Both parties, he said, face real challenges among religious voters, and he noted a recent op-ed column by New York Cardinal Timothy M. Dolan, who criticized the Democratic Party’s support of legal abortion and opposition to school vouchers or tax credits, which the cardinal said alienates many Catholics from that party.
Representing the conservative side was panelist Peter Wehner — a senior fellow at the Ethics and Public Policy Center and director of its Faith Angle Forum, and a former speechwriter for President George W. Bush and the co-author of City of Man: Religion and Politics in a New Era.
“I do think Democrats have a problem with religion,” Wehner said. “It’s a party that’s increasingly secular.”
Dionne, who often supports progressive causes in his columns, countered by saying, “Democrats are not a secular party. Most Democrats are part of a religious tradition.”
Wehner noted that the Democratic Party remains a minority party, with Republicans controlling the White House, both houses of Congress, and a majority of governorships and state legislatures, but he added that he thinks Democrats will likely take control of the U.S. House of Representatives after the 2018 mid-term elections.
Several panelists addressed what they described as a steady embrace by many Christians, especially white evangelicals and their leaders, of President Donald Trump, even when his personal life, his words, actions and policies sometimes seem to conflict with Christian values.
The president’s strong opposition to abortion, support for religious liberty and his appointment of conservative judges have helped galvanize his popularity among Christians who voted for him.
But the panel discussion was held one day after “60 Minutes” interview with a porn actress, who, like a Playboy model, has alleged she had an extramarital affair with Trump 12 years ago. Trump also has been criticized for his statements and policies toward immigrants and minorities and for making various claims later proved false.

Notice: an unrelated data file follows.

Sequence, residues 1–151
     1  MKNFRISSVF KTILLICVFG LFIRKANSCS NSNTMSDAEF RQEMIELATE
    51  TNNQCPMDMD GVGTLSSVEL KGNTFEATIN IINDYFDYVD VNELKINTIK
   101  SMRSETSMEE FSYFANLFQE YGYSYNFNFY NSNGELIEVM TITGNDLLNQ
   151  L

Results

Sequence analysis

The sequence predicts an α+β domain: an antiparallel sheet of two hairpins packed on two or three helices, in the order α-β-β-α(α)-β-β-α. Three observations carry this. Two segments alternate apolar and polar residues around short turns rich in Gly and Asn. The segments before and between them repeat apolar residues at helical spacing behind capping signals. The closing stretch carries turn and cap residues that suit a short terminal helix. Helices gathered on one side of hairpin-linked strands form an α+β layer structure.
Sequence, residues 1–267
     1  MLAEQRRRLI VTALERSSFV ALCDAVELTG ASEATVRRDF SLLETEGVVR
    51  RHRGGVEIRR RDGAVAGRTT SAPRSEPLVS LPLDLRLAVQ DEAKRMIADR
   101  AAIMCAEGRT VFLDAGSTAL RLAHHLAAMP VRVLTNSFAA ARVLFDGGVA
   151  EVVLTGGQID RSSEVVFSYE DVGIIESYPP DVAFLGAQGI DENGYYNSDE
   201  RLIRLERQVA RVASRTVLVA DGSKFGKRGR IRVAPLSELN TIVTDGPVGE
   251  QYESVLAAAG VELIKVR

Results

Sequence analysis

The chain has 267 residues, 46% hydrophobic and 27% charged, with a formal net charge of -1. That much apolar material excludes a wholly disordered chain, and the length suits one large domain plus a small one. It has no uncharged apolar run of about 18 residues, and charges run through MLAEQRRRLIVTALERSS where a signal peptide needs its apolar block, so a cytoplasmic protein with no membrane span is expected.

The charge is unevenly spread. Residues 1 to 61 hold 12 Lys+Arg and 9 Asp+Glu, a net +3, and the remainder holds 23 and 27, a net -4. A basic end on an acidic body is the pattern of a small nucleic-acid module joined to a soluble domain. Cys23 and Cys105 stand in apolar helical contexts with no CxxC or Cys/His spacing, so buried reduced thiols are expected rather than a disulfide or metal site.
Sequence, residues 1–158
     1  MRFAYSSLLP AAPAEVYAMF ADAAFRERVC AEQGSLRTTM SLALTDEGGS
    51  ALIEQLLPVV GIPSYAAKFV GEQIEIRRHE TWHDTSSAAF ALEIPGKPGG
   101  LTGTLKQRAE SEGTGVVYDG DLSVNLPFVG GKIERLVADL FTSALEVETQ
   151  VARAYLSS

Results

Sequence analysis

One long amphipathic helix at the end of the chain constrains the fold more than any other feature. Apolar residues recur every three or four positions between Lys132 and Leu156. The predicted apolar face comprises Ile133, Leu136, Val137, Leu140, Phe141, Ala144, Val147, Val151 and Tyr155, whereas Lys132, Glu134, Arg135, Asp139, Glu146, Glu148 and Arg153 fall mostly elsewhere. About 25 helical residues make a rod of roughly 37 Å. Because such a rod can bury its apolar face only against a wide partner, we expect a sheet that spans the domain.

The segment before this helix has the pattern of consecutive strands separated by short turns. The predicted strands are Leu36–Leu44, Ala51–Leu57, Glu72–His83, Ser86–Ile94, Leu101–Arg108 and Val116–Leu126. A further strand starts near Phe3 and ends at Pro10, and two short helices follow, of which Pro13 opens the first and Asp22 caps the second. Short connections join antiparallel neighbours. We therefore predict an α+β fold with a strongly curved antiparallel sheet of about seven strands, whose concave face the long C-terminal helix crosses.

Also on the panel was Joshua DuBois, former executive director of the White House Office of Faith-based and Neighborhood Partnerships under the Obama administration. He is now CEO of Values Partnerships and a CNN contributor.
DuBois said he worried that “a broad swath of Christianity wrapping its credibility around this leader” could have a devastating long-term impact on American Christianity and the influence of Christian witness in this country.
“People need the good news,” he said, expressing concern that Christians’ support for Trump could in the long run diminish their ability to share their faith with others.
Said Wehner: “I have been my entire life an evangelical Christian. We are seeing an absolute and wholesale discrediting of white evangelicals.” He said conservatives who said “character matters” when criticizing then-President Bill Clinton in the 1990s should have that same view now.
“I think he (President Trump) is engaged in a full-out assault on truth, an annihilation of truth,” said Wehner, who criticized what he perceives as the president’s sometimes “cruelty” and “appealing to the darker impulses of the nation.”
Panelists also discussed the importance for people of faith and religious institutions to address racism and its long-term effects, and the need for immigration reform.
Abortion and the Democratic Party was raised by a member of the audience. As a young woman, she said, she came to Washington to work as an intern for a Democratic member of Congress.
“As someone who is becoming Catholic, it’s hard to be in a party that seems to be shutting the door to anyone who is pro-life,” she said. “The vitriol directed toward people who talk about life is extraordinary in a country with 1 million abortions a year.”
DuBois, who earlier had noted that there’s “very little incentive for common ground space on abortion for either party,” praised the woman for her courage in bringing up the issue. “We have to create more space for people of faith from across the ideological spectrum in the Democratic Party,” he said.
He said people need to find common ground on that issue to reduce the number of abortions and to help women so they are not faced with that choice.
“I think the abortion conversation needs to be quieter and more thoughtful,” he added.
Zimmermann is editor of the Catholic Standard, newspaper of the Archdiocese of Washington.